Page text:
HABITAT FOR HUMANITY

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Solving Canada's National Housing Crisis Begins At Home

According to the Canada Mortgage and Housing Corporation, 12.5 per cent of all Canadian households experience an affordability crisis every day. Let me be clear -- this crisis is not limited to the real estate markets in Toronto and Vancouver. It is endemic and disproportionally affects low income working families, seniors, Indigenous people and recent immigrants. This is a large segment of our population that continually struggles to pay for the necessities of life.

Welcome to Sukkahville

Sukkahville is a celebration of design as well as an observation of a religious holiday and harvest festival. A sukkah is the name of a temporary shelter constructed by observant Jews at this time of year. Part design competition, part fundraiser, the multi-faceted celebration will culminate in a Pop-up exhibit to which everyone is invited on Sunday September 30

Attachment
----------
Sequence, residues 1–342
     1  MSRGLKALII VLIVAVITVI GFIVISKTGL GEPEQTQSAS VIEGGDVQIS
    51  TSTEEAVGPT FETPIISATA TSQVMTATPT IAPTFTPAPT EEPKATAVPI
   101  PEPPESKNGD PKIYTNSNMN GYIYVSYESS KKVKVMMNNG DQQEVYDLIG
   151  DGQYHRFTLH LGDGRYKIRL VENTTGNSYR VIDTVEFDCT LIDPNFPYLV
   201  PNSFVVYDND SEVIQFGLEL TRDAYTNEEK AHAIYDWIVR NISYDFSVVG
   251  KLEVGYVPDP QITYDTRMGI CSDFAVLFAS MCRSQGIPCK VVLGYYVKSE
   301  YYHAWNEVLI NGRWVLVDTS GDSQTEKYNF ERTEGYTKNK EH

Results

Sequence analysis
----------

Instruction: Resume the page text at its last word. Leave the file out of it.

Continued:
A Home is More Than Just Shelter

A common misconception about Habitat is that our homes are a handout, but what we actually provide is affordable homeownership, with low-income partner families repaying the full market value of their home over time. Last year, the lives of 227 families struggling to break the cycle of poverty began to be transformed as they moved into Habitat homes built in communities across Canada. Homeownership can change lives.
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Sukkahville has Designs on Affordable Housing

In Toronto, many thousands live in substandard housing, including 20,000 members of the Jewish community. As a local non-profit housing provider, Kehilla Residential Programme is acutely aware of the situation and has been striving to chip away at it since the organization's founding in 1982. Sukkahville 2012 is an innovative event organized by Kehilla, aimed at highlighting and combating the housing issues faced by so many members of the Toronto community.